COME YOU PEOPLE

Here is a 17th century icon given the title  “Come You People, Let Us Worship the Three-Hypostatic Godhood.”  But if you have been reading here for some time, you will recognize it as basically just a more elaborate version of the New Testament Trinity “Among the Powers,” that is, among the ranks of angels.

As you saw in an earlier posting (https://russianicons.wordpress.com/2014/02/12/cherubim-and-seraphim-and-thrones-o-my-the-new-testament-trinity-icon/), icons of the New Testament Trinity are sometimes given the title “Image of the Three-Hypostatic Godhood” (ОБРАЗ ТРIИПОСТАСНАГО БОЖЕСТВА — Obraz Triipostasnago Bozhestva).

In the center we see Jesus at left, God the Father (Lord Sabaoth) at right, and the Holy Spirit in the form of a dove in the air between them.

The title of this icon is taken from the Stikhera, tone 8, used at the Great Vespers Pentecost service:

Приидите, людие, триипостасному божеству поклонимся, Сыну во Отце, со
Святым Духом: Отец бо безлетно роди Сына соприсносущна и сопрестольна, и
Дух Святый бе во Отце, с Сыном прославляемь: едина сила, едино существо,
едино божество, емуже покланяющеся вси глаголем: Святый Боже, вся
соделавый Сыном, содейством Святаго Духа: Святый крепкий, имже Отца
познахом и Дух Святый прииде в мир: Святый безсмертный, утешительный
Душе, от Отца исходяй, и в Сыне почиваяй: Троице Святая, слава Тебе.

Come you people, let us worship the Three-hypostatic Godhood; the Son in the Father, with the Holy Spirit; for the Father before time begot the Son ever co-existing and co-enthroned; and the Holy Spirit was in the Father, glorified together with the Son; one power, one substance, one Godhood, in whom worshiping  we all say:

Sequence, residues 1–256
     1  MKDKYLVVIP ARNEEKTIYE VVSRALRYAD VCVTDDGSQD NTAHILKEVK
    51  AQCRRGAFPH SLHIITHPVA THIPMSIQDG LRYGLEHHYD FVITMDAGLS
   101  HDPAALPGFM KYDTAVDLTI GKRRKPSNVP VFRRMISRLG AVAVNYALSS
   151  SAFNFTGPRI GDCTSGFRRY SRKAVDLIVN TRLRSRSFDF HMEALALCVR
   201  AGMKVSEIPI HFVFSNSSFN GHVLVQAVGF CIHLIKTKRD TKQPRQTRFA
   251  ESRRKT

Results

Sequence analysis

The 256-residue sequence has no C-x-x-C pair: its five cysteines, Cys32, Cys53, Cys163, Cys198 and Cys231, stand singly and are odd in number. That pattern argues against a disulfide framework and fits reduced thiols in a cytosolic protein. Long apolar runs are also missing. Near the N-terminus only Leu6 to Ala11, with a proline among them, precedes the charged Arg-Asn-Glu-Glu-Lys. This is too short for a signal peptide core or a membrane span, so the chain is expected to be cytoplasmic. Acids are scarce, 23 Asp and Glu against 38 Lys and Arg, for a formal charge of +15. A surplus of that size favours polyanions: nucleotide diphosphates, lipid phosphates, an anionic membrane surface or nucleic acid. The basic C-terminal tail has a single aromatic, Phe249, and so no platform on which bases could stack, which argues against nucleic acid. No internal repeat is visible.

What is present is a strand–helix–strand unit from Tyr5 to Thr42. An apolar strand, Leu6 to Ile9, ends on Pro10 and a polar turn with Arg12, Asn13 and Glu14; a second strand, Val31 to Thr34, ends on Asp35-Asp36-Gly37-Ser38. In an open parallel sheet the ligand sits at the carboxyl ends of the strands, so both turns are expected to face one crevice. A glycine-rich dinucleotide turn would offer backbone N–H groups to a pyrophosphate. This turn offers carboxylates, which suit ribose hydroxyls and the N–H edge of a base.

Holy God, who made all by the Son, with the co-operation of the Holy Spirit;
Holy Mighty, through whom we have known the Father, and the Holy Spirit came to the world; Holy Immortal, comforting Spirit, who proceeds from the Father and rests in the Son; Holy Trinity, glory to you.”

In the 16th century there was a big controversy over the making and use of such elaborate and symbolic “mystic-didactic” icons as this one and others, among them “In the Grave Fleshly,” “Sophia, Wisdom of God,” “On the Seventh Day God Rested,” “It is Worthy,” the “Symbol of Faith,” the politically propagandistic “Blessed is the Army of the Heavenly Tsar,” and “The Only Begotten Son.”  The complaint was that they could not and did not adequately and correctly express the dogmas of the Church, and that their complexity was simply confusing.  The leader of the opposition to such icons was a prominent government secretary and “Keeper of the Seal” under Tsar Ivan IV (“Ivan the Terrible”) named Ivan Mikhailovich Viskovatuiy (Иван Михайлович Висковатый).  But a Church council in 1554 condemned his views (with some small exceptions), and he consequently repented his “heretical” ideas and fell in line with the decree.

Rather confusingly, there is another and unusual icon type also called “Come You People, Let Us Worship the Three-Hypostatic Godhood.”  But this second type also includes images of the Annunciation, the Birth of Jesus, the Crucifixion, and the Descent into Hades (Resurrection), so it is easily distinguished from the first type.

At the top we see a “Fatherhood” image in the center, with Mary to the left of it and John the Forerunner to the right.  At far left is the youthful Christ enthroned, and at far right the mature Christ enthroned.  Angels accompany these three top images, and at the base is a gathering of people worshiping the Trinity.